By: Jennifer F. Hillman, Esq.
When the nominated executor under a will is also the attorney-draftsman (or an employee of that attorney) additional disclosures are necessary to assure that the nominated executor will receive their full statutory commissions. Pursuant to New York Surrogate’s Court Procedure Act (“SCPA”) § 2307-a, the testator must sign an additional disclosure stating (i) they were advised as to who is eligible to serve as executor; (ii) that absent an agreement to the contrary, an executor is entitled to statutory commissions; (iii) that if the disclosure is not executed, the attorney-executor will only receive one-half the commission he or she would otherwise be entitled to receive; and (iv) an attorney who acts as executor and also provides legal services in connection with their executorial duties may be entitled to receive statutory commissions as well as reasonable compensation for their legal services. SCPA 2307-a(1)(a)-(d).
SCPA 2307-a applies to all wills executed after January 1, 1996, and to all decedents dying after December 31, 1996. The statute applied retroactively so that attorney-draftsmen nominated as executors under wills where the testator had not yet passed were required to track down the testators to obtain the disclosures. However, the statute did provide some discretion to the Court where good faith efforts to find testators (to no avail) had been shown.
Notably, for a three-year period from November 2004 through August 2007, SCPA 2307-a contained an inconsistency: paragraph 1 detailed all four necessary disclosures in subparagraphs (1)(a)-(d), but the model language in paragraph 3 only referred to three of the disclosures. Missing from paragraph 3 was the disclosure that an attorney is only entitled to one-half of the commission they would otherwise be entitled if the disclosure is not executed as detailed in SCPA 2307-a (1)(c).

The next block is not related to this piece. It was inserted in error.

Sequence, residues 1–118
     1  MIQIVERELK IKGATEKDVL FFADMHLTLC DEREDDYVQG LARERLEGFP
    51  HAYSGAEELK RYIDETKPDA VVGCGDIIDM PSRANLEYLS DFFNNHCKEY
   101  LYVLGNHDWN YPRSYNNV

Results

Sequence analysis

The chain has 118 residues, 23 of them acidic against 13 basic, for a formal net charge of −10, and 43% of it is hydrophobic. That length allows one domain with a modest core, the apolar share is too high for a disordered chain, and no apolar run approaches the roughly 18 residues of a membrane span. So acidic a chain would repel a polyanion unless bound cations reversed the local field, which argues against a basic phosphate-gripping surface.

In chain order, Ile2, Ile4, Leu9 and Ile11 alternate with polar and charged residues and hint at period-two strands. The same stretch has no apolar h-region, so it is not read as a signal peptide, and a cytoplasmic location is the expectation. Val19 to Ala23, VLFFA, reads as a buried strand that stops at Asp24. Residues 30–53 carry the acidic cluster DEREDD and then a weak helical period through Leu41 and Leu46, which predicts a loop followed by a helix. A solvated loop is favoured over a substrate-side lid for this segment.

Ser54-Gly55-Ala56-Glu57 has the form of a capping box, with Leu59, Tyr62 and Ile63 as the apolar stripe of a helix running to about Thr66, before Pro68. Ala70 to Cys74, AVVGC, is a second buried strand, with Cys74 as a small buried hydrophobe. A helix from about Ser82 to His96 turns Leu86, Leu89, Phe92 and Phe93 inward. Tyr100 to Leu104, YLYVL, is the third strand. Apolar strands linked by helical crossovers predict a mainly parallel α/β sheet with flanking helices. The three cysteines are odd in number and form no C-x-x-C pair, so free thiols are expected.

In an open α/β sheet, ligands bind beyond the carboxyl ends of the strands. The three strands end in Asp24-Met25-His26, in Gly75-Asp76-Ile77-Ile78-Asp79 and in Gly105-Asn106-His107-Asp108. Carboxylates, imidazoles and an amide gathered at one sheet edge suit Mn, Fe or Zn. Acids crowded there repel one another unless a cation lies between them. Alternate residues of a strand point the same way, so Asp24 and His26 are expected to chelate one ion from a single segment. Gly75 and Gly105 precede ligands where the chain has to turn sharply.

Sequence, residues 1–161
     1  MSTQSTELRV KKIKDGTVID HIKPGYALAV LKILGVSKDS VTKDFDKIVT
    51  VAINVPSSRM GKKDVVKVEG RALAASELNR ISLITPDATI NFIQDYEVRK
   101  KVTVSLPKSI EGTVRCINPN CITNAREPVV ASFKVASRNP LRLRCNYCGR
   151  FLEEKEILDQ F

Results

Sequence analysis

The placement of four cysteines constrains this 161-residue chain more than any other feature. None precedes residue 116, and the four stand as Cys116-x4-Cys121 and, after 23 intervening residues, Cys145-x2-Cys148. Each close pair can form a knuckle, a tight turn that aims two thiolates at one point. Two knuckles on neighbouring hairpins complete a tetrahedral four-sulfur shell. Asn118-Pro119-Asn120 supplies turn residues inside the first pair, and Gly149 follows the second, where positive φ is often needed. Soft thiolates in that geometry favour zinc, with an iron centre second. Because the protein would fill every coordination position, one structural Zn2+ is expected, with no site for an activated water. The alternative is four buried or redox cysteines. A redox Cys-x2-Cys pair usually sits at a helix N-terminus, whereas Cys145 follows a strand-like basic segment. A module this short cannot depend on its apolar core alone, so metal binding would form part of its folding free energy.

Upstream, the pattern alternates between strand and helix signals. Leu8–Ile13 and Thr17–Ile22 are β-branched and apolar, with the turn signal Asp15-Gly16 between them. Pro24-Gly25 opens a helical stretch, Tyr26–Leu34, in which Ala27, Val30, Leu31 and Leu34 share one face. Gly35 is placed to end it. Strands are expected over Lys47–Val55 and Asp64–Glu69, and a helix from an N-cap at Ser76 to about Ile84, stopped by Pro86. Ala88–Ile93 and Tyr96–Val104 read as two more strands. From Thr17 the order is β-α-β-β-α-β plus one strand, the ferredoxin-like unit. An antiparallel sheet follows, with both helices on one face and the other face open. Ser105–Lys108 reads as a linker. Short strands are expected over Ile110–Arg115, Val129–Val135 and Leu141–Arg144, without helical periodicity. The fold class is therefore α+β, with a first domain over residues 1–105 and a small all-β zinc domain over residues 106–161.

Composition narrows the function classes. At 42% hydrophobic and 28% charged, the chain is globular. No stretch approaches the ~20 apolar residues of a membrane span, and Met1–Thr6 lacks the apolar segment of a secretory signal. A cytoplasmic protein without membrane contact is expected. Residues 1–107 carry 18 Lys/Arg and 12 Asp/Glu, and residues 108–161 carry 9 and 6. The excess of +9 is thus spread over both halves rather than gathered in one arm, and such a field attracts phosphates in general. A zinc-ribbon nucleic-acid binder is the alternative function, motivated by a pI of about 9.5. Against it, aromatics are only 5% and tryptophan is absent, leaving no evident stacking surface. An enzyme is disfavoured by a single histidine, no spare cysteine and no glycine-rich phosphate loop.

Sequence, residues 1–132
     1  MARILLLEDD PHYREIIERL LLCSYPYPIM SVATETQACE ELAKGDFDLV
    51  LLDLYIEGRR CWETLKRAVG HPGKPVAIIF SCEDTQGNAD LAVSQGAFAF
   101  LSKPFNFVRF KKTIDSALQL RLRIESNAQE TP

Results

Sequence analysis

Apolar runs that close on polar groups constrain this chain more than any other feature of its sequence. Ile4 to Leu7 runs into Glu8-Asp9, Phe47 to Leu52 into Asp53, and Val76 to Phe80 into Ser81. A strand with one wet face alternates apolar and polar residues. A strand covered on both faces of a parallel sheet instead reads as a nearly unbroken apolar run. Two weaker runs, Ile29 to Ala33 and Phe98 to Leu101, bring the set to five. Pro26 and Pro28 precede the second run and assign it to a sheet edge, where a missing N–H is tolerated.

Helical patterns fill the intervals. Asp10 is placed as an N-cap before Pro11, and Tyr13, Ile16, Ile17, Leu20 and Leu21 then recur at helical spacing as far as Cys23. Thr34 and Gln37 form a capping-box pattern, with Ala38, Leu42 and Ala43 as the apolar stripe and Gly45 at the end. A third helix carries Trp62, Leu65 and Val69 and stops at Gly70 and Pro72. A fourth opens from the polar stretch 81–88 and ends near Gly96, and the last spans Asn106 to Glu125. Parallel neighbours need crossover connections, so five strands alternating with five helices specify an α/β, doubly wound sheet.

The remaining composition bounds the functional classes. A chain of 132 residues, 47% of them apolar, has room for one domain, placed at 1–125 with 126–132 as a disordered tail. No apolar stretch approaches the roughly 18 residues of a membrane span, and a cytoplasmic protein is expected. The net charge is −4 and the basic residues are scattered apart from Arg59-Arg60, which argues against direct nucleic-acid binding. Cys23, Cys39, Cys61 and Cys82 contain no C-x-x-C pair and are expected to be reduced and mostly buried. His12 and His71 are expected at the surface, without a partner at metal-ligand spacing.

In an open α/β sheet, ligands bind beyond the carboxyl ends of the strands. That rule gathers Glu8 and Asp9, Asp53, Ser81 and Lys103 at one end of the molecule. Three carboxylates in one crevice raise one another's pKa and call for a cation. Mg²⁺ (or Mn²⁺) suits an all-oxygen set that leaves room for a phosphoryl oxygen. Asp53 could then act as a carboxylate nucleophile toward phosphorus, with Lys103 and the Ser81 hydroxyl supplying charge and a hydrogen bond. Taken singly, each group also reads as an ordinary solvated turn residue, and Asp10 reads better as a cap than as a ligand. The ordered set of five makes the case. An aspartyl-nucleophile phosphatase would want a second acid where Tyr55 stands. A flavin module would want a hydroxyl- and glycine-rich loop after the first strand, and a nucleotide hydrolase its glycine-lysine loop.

From time to time, the Surrogate’s Court is faced with the issue of how to deal with wills and SCPA 2307-a disclosures executed while this inconsistency existed. There has been some disagreement among the Surrogate’s Courts of the various counties concerning the outcome where the disclosures made during this time period were incomplete. However, most courts found that all four disclosures were needed for there to be full compliance, and only awarded the attorney-executor with one-half of the commissions otherwise due. See e.g. Matter of Tackley, 13 Misc. 3d 818, 821, 821 N.Y.S.2d 750 (Sur. Ct. New York County 2006); cf. Matter of Riley, 29 Misc. 3d 1059, 908 N.Y.S.2d 534 (Sur. Ct. Oneida County 2010).
It appears that this issue still remains a problem today for even later-executed wills. Matter of Indiviglia, N.Y.L.J., June 26, 2013, at 22, col. 5 (Sur. Ct. Bronx County), concerned a will executed in 2012 which nominated the attorney-draftsman as executor and a SCPA 2307-a disclosure which was executed separately on a different date. The document did not include the disclosure within SCPA 2307-a (1)(c) which had previously been omitted from paragraph 3 until 2007 (but which had always appeared in paragraph 1).
In reviewing the will, the Surrogate’s Court was satisfied that the will was properly executed and could be admitted to probate, but the attorney-executor was only granted one-half of the statutory commission due to the noncompliance with the statute.
This case is a cautionary tale for all estate practitioners. All forms must be regularly reviewed and updated. Attorneys must also make certain they are up-to-date with all revisions to the Surrogate’s Court Procedure Act or the Estate Powers and Trusts Law.
Jennifer F. Hillman is an attorney at Ruskin, Moscou Faltischek, P.C., Uniondale, New York, where her practice focuses in the area of trust and estate litigation. She can be reached at email@example.com